Saturday, January 23, 2010
Tea and Books Saturday #4 - "Talking of Tea"
Talking of Tea
By Gervas Huxley
Published by John Wagner & Sons, 1956
What a delightful book! Gervas Huxley was the grandson of biologist Thomas Henry Huxley and cousin of novelist Aldous Huxley. He served in WWI before beginning his 30-year career of marketing tea. In his sixties he wrote this, his first book, and it has all the passion and wit of a Brit who truly knows and loves this beverage. I've read probably a half dozen or so "tea history" books in the past year, but this small (104-page) volume is the one I'd recommend as a great guide for both beginning and longtime tea enthusiasts. Whether Huxley is writing of tea's discovery or of the great days of tea trade on the high seas, he tells the story and simply gets on with it. The reader is always left wanting more, not less, and you can easily zip through the short chapters.
I love to read a tea book and discover something I never knew before. That happened often with this book. I did not know that when tea was first sold in retail stores, customers were supposed to bring their own packaging for it. Can you imagine having to bring your own tin or box to the store today? (Actually, that wouldn't be a bad idea, just one that seems a little odd!) I also did not know that Sir Thomas Lipton's shops were originally famous for their hams and cheeses and he didn't trade in tea until he was 40. I especially loved this bit from Huxley: "Once, on a voyage to Ceylon, Lipton's ship ran ashore in the Red Sea and some of the cargo had to be thrown overboard. While the other passengers were making for the lifeboats, Lipton was busy stencilling 'Drink Lipton's Tea' on such of the cargo as would be likely to float."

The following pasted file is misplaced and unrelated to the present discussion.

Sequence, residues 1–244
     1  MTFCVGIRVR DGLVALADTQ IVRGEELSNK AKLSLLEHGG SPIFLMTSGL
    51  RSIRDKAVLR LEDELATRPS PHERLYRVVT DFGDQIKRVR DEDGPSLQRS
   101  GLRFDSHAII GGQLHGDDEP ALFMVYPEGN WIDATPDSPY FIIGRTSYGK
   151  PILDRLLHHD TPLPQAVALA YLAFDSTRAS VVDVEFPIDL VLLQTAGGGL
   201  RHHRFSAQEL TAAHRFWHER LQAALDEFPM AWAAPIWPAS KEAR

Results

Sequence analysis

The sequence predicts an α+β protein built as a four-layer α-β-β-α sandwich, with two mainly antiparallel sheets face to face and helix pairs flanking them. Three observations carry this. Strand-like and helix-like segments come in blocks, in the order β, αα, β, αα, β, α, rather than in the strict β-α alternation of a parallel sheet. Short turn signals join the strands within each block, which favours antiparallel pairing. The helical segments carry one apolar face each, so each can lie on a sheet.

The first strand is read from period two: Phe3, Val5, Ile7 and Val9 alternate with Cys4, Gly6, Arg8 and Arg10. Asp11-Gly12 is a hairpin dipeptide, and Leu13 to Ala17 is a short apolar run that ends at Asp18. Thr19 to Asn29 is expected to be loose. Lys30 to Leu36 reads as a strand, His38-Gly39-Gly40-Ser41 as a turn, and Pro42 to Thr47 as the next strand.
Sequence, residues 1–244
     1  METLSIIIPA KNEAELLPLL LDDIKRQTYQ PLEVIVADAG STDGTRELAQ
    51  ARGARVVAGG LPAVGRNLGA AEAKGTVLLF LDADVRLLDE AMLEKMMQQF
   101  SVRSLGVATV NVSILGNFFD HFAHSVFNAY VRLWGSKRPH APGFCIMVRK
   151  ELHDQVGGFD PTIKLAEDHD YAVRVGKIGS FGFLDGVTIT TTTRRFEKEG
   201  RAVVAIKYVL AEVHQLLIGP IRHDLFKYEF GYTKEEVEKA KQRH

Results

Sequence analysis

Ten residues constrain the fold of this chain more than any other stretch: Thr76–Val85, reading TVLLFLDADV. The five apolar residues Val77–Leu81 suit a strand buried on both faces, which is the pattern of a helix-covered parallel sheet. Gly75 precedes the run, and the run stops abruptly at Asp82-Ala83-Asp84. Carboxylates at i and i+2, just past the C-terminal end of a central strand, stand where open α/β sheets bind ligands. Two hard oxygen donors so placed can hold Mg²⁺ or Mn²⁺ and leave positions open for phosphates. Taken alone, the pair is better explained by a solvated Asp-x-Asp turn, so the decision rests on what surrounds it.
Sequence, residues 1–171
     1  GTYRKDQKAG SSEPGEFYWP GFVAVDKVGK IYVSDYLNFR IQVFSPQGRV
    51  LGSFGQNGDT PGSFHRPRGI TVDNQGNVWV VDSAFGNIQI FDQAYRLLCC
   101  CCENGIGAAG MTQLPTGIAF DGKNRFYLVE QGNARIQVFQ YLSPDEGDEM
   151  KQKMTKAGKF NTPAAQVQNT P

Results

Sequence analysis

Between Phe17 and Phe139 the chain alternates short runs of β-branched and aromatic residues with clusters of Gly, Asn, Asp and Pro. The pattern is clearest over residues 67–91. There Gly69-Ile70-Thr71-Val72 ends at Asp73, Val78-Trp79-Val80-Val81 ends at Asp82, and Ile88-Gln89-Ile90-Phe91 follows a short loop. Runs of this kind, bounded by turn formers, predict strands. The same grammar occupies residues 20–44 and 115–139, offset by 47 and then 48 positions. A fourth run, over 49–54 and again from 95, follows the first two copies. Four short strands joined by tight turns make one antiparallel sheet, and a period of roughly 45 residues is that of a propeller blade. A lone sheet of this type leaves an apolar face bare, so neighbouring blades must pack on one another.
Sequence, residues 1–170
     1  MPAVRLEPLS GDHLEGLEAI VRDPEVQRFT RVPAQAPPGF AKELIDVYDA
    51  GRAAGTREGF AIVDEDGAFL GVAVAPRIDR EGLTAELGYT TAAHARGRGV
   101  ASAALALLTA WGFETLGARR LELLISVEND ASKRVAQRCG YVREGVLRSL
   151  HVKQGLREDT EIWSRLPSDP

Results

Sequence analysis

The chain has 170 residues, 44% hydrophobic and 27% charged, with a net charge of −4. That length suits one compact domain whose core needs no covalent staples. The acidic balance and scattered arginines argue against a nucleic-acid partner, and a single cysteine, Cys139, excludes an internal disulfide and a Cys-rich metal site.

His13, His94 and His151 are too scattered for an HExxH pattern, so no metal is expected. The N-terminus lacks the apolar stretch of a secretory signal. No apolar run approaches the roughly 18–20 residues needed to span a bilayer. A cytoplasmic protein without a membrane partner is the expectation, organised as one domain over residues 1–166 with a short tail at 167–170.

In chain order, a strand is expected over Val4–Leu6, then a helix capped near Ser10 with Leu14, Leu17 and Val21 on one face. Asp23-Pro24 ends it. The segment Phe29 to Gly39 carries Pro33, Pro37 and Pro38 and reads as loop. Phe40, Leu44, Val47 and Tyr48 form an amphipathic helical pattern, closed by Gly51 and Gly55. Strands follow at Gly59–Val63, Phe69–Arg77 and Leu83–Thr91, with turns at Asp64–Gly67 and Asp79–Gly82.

We also learn that tea was, in its early days, sold in apothecaries; that tea in milk was a purely medicinal concoction at first; and that at the time this book was written American teabags were "considerably more expensive" than loose leaf tea. And though there is much to amuse and entertain in this book, I think my favorite Huxley wisdom is summed up here: "Tea is clearly a most accommodating substance. What amongst so many ways of drinking tea, is the 'right' way? ... Since so many different people are convinced their way is the right way, there can be only one answer to the question. The right way to drink tea is the way you like it best. To this answer must, however, be added an important proviso. In whatever way you take your tea, the leaf should have been given the chance of bringing out its full nature and flavour." Copies of this book can be found inexpensively at the usual sources (eBay or Amazon, which currently has 21 of them starting at just $1), and I highly recommend this delicious little book!
NOTE TO GWENDOL: It's now possible for you to read any of the "Tea Tasting Saturday" posts from last year just by clicking on the link at right under "Labels." Similarly, this year's "Tea and Books Saturday" posts will all be organized together as well. I hope that is what you were looking for!